Of course, much of the humor is physical and much might be considered offensive in certain camps. I, for one, found it refreshing that the other participants of the Olympics were not portrayed as "saints" but as real people.
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24 of 27 people found the following review helpful By J. Conn on May 15, 2006
Format: DVD
I didn't expect to like this movie, since I have not been a Johnny Knoxville fan. I was really surprised by Knoxville's impressive portrayal of a guy doing the (really, really) wrong thing for a mostly good cause. The movie doesn't poke fun of the mentally-challenged or physically challenged. With an interesting mix of actually disabled people and non-disabled actors, the movie makes fun of "normal" people more than those who are different. There are several hilarious one-liners, plenty of sight gags, and some serious heart. There is also enough bad language that I couldn't call this a "family" film, but it would be fine for older children.

I didn't get to watch the extras on the DVD, but I really enjoyed it, including the spoof of modern "star" atheletes. BTW - the other reviewer who kept referring to the star athelete as Lenny, really, really must not have been paying attention, since the character's name is "Jimmy" and his name is *everywhere*, on his entourage's jackets, on his limo .. . you get the idea.

This movie was a lot of fun, much more than I expected, and I recommend renting it at least.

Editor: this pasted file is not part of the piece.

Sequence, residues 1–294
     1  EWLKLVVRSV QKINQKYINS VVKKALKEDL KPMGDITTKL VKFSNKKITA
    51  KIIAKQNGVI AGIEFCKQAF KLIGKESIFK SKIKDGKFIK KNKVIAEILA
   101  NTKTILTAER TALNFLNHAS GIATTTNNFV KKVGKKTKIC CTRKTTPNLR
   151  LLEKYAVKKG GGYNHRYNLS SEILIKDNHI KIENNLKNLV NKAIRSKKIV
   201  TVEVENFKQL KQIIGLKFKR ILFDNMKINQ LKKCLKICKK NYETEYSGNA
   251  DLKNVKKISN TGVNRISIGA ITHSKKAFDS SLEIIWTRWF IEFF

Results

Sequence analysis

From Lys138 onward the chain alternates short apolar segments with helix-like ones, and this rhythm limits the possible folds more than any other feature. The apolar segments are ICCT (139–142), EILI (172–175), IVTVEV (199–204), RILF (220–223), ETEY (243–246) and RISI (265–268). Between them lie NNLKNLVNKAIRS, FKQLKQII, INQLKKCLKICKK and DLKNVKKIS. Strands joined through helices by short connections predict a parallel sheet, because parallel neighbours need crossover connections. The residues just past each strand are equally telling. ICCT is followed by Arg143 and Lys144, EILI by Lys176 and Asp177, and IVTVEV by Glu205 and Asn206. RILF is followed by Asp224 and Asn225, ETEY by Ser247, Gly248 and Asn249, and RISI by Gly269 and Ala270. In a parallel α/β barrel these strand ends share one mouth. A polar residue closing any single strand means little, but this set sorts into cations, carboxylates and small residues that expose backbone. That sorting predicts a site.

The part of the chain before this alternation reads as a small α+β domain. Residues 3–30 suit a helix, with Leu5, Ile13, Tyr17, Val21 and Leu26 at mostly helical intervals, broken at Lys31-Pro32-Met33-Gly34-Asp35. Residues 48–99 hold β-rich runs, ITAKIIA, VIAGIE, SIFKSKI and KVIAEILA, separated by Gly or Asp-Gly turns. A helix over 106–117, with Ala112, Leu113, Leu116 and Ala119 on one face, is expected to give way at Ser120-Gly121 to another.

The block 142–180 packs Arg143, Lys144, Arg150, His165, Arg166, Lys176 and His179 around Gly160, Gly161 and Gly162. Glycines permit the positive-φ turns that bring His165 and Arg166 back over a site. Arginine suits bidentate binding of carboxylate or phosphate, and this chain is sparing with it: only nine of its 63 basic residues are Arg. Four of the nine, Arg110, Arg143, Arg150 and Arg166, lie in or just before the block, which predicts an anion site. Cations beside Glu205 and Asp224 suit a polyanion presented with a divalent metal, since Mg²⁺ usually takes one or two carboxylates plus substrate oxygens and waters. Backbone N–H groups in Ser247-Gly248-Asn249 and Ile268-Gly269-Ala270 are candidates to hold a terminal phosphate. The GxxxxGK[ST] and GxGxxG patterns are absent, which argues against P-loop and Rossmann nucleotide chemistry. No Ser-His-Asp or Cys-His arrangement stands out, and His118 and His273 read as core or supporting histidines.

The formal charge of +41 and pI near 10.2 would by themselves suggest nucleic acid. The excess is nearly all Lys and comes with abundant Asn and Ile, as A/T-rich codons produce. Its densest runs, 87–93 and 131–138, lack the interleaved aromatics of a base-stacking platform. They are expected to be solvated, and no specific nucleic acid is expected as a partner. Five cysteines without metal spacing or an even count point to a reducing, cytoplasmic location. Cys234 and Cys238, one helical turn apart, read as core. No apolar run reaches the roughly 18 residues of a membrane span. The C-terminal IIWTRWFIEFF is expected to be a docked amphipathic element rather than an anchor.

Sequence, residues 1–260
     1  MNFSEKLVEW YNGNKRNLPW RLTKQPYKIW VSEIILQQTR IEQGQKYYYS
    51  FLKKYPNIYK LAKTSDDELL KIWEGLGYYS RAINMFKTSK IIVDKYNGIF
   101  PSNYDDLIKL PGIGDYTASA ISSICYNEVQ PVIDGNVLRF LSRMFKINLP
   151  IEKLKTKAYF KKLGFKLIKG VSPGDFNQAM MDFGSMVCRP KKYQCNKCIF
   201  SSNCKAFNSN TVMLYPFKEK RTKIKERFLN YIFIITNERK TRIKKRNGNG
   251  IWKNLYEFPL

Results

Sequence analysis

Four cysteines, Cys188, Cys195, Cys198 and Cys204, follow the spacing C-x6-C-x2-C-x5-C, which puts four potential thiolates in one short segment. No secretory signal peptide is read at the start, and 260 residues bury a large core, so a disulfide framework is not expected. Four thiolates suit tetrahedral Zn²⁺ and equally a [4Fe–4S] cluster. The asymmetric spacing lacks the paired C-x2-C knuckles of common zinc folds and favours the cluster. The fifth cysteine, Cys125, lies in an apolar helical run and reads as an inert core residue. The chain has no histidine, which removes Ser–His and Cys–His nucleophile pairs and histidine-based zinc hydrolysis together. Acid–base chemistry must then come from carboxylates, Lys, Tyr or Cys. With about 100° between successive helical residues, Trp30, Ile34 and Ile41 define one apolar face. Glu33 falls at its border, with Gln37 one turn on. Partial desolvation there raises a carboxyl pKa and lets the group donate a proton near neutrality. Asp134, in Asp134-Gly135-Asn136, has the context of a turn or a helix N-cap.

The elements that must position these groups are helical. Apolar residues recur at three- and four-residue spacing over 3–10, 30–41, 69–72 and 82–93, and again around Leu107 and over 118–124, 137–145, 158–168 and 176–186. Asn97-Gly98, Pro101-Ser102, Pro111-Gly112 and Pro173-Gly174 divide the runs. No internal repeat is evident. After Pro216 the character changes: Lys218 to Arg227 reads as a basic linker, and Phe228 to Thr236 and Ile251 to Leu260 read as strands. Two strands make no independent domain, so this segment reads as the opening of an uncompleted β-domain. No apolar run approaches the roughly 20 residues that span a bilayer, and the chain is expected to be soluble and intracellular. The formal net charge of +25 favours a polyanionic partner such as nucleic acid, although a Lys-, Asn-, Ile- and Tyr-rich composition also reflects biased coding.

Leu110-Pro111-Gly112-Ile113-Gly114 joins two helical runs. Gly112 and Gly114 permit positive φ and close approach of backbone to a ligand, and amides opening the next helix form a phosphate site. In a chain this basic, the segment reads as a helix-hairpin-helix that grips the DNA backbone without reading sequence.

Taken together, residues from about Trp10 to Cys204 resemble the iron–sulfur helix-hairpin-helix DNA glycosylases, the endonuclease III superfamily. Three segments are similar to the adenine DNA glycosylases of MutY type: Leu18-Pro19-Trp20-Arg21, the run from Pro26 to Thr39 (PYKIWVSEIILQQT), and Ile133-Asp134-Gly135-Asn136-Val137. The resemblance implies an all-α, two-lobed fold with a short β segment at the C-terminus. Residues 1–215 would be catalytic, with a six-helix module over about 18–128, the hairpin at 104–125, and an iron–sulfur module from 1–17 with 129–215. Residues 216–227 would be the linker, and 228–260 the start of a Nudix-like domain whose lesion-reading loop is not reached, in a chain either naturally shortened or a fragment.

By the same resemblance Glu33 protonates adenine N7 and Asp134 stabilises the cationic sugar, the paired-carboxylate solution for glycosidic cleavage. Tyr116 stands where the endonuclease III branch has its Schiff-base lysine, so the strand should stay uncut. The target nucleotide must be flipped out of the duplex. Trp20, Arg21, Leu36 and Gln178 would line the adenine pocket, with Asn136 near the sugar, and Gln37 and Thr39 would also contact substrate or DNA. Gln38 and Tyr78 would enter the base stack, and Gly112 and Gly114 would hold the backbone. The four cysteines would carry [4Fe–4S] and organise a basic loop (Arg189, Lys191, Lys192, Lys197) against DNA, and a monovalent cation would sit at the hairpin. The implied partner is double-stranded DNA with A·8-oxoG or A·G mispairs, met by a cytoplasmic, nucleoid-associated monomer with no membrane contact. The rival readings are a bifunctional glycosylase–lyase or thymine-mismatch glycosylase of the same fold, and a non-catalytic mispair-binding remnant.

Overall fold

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18 of 20 people found the following review helpful By H. Bala TOP 500 REVIEWER on July 12, 2006
Format: DVD
Pushover nice guy/dweeb Steve Barker (Johnny Knoxville) has to come up with $28,000 to cover the cost of his lawnmower's medical bills. His uncle, who is in serious gambling debt, hits upon the very questionable idea of passing Steve off as retarted, thus qualifying him to compete in the Special Olympics. The disabled athletes, however, pretty quickly figure out that Steve is a poser, but they assist him anyway because of their dislike of arrogant perennial gold medal winner Jimmy Washington (Leonard Flowers). At the same time, Steve tries to win over lovely Special Olympics volunteer Lynn Sheridan (Katherine Heigl), while hilariously undermining her relationship with smarmy fiance David (Zen Gesner).

I wasn't sure what to expect going into this film. I haven't really dug Johnny Knoxville in the past (though I liked him in Walking Tall), and I was uncertain as to how he would play this character. Thoughts of Billy Bob Thornton's Willie from Bad Santa ran rampant in my brain. However, The Ringer turns out to be a funny, sweet-natured film, which laughs with the mentally disabled, rather than at them. Knoxville's Steve Barker is a surprisingly sympathetic character: an inherently decent dude trying to do the right thing, but is trapped into a corner, and ends up doing the wrong thing. While I don't know if I can condone his actions, I do definitely feel for him. Knoxville reveals a vulnerable side that is a mini-revelation. Steve's Special Olympics moniker "Jeffy Dahmer" still cracks me up. Katherine Heigl (television's Roswell) is perfectly winsome and very hot as Lynn. The rest of the film cast is also uniformly very good, and is peppered with actual mentally disabled performers. Edward Barbanell ("Billy") and John Taylor ("Rudy") are both actors with Down Syndrome.